As we have said before in considering the possibility of replacing the indeterminate life sentence by a determinate one, the trial judge may well not have sufficient information available to him at the time of trial to enable him to know what minimum period to recommend. If the trial judge were required to fix a minimum period in every case, he might be put in a position of great difficulty in having to do so in circumstances in which he did not really feel able to determine the appropriate period.
The committee goes on to put arguments against it which I do not repeat.
Some support for this view is found even in the report of the Scottish Criminal Law Revision Committee, paragraph 27 of which says:
It should be clearly understood (i) that the expiry of this minimum period does not mean that the prisoner concerned must then, or at any particular future date, be released on licence and (ii) that the recommendation does not disable the Secretary of State from ordering release before the expiry of any recommended period on the advice of the Parole Board. In the period 1966–71 the Scottish Judiciary made recommendations in eight cases involving ten persons. … In the same period 132 persons received life sentences for murder. The provision has been used therefore in only a small number of cases and it appears that it has been reserved for use only in especially grave circumstances. … No person serving a life sentence with a recommended minimum period of imprisonment has yet been released.
It is strange that the Scottish judges, with two exceptions, should have supported the provision for a mandatory minimum recommended period of detention when in practice, although having the power to make that recommendation, they have not used it. If they felt so strongly on the subject when actually trying cases and passing sentences, why have they not used that recommendation in the past?
The percentage of recommendations in Scotland is 7·8 and in England it has been almost exactly the same, 8 per cent.—42 out of 503 cases. If in Scotland they felt so strongly about it, one would have thought they would have implemented their own recommendation without the necessity for Parliament to do anything further about it, but they have not done so.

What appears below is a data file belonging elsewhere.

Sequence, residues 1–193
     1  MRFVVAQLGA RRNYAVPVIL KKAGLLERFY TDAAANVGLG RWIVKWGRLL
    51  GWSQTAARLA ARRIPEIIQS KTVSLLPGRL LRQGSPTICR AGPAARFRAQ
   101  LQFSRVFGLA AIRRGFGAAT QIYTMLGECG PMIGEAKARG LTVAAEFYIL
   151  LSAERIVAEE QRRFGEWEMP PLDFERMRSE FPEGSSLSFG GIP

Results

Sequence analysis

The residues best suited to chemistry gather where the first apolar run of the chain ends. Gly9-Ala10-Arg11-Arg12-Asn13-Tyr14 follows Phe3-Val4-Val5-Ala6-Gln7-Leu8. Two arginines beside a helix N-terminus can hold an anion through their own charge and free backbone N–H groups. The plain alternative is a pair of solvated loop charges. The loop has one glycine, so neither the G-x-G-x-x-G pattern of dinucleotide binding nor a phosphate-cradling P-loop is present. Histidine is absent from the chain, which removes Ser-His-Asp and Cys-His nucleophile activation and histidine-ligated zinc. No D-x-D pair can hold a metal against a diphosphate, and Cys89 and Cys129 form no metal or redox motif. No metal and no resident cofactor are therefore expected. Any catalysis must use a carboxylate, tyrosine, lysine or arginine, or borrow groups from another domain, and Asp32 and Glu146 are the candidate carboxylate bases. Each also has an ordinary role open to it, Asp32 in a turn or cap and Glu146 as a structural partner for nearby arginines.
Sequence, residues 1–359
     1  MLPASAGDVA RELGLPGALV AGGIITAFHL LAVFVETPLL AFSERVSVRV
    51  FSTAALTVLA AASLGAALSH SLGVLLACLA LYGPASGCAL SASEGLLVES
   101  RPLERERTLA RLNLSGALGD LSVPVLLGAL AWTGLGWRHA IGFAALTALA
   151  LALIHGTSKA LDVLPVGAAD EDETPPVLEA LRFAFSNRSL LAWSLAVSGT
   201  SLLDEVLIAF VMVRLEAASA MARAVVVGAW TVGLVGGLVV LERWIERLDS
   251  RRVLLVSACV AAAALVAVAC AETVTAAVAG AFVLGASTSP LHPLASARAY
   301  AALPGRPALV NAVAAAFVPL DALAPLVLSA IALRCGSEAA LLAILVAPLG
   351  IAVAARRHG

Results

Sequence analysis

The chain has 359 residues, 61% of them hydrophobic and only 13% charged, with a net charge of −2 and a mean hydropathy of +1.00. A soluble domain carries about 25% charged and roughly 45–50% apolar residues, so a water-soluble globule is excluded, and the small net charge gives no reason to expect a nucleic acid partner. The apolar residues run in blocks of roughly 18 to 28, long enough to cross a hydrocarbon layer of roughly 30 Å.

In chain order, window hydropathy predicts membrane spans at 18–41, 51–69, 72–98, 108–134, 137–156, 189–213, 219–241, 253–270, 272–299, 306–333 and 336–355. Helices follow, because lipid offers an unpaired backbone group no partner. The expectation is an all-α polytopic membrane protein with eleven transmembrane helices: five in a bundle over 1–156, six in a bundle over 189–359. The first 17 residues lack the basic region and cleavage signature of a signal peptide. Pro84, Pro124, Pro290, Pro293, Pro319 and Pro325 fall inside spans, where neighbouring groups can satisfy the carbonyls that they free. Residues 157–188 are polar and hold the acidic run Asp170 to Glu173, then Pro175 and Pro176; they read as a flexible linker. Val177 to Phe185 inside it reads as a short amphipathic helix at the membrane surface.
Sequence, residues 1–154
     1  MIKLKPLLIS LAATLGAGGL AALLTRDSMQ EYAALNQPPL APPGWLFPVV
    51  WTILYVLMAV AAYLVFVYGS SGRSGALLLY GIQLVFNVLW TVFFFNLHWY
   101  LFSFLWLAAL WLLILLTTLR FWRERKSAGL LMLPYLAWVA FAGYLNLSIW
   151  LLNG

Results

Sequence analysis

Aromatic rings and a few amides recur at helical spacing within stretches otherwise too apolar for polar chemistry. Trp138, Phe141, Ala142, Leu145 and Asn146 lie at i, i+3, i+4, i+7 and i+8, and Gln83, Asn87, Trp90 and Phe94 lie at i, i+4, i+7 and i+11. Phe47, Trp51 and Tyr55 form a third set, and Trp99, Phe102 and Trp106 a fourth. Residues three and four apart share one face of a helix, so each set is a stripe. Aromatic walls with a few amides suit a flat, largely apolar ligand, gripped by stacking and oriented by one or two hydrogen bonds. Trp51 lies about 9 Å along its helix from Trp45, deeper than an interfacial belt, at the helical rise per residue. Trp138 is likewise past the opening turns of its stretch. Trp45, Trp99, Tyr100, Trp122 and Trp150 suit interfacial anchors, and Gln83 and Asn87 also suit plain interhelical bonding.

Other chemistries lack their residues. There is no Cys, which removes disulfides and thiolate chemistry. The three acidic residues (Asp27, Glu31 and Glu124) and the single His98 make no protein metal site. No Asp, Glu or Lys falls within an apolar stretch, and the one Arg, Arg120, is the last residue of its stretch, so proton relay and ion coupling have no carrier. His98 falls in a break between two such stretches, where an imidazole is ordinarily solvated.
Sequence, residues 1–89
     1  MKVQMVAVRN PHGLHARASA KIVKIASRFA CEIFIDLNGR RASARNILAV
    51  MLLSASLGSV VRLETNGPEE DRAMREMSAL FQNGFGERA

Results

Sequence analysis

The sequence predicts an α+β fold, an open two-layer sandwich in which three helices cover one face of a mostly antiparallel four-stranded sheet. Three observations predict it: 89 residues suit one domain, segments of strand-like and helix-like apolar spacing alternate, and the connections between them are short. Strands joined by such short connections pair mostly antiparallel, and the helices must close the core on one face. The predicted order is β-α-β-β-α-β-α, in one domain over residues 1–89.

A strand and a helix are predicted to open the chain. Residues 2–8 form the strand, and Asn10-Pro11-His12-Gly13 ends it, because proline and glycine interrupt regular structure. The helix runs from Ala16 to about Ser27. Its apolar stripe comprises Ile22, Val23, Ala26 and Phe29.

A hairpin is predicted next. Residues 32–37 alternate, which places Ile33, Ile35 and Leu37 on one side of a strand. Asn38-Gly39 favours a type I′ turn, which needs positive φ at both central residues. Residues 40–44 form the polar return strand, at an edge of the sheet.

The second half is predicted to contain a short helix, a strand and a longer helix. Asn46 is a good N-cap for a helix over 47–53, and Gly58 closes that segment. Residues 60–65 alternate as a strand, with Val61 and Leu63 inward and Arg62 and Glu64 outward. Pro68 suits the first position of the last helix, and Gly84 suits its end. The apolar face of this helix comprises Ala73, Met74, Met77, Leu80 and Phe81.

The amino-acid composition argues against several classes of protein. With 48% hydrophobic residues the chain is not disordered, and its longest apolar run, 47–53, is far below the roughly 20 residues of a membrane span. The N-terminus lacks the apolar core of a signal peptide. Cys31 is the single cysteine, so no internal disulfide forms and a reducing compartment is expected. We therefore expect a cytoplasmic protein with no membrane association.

If one looks at the behaviour of the judges and at actual experience it seems that the argument of the judges is against a minimum mandatory period and that it must be a very strong argument indeed.
Apart from the acceptability argument, I turn to other merits of the matter. It has been made abundantly clear in this debate that the nine-year average life sentence is a myth. I do not want to repeat the arguments, but in heinous cases the period of detention will be much longer than that. I hope that everybody will try to remove this mythical impression from the public mind and, if it exists at all, from the mind of the criminal classes, too. There are strong safeguards against premature release. A prisoner may be released, but only after the advice of the parole board and the trial judge, but the Minister of State has already pointed out that in eight out of 54 cases of recommended release he did not feel himself able to abide by the advice.
The most important test must be the protection of the public. A mandatory minimum recommended sentence would become regarded as both the minimum and the maximum sentence, and that would not add at all to the protection of the public. There might well be cases in which a man has a short recommended minimum period of detention and then it appears from observation while he is in prison that he is suffering from mental disability, or that his mental ability has deteriorated in prison, and so he is likely to commit an offence again. In those circumstances it would be necessary, for the protection of the public, to keep that man in prison for a very long period. There is great danger in having a mandatory minimum recommended sentence in that it would come to be regarded not just as a minimum but as a maximum as well. Conversely, a sentence which is in substance for life or mandatorily a very long minimum sentence may deprive a man of hope altogether. If a man in prison is deprived of all hope of rehabilitation and all hope of release he is likely to become a danger to the prison officers and to his fellow prisoners and those concerned with law enforcement, and their protection is diminished, and that is not in the interests of the public.
The minimum recommendation as mandatory would have effects which would be quite unwanted, I am sure, even by the sponsors of the Bill. If in every case there is a minimum recommendation there will be some cases where a very short period would be called for by the judges, and that would undoubtedly undermine the confidence of the public in the administration of justice, because it would be seen that in some cases the price of a life would be cheaper than the price or the tariff for a crime against property. It would be unthinkable to have a minimum recommended sentence of three or four years for a murder while at the same time people were being recommended for sentences of imprisonment of 10 years to 15 years for crimes against property, being crimes which involved no violence at all.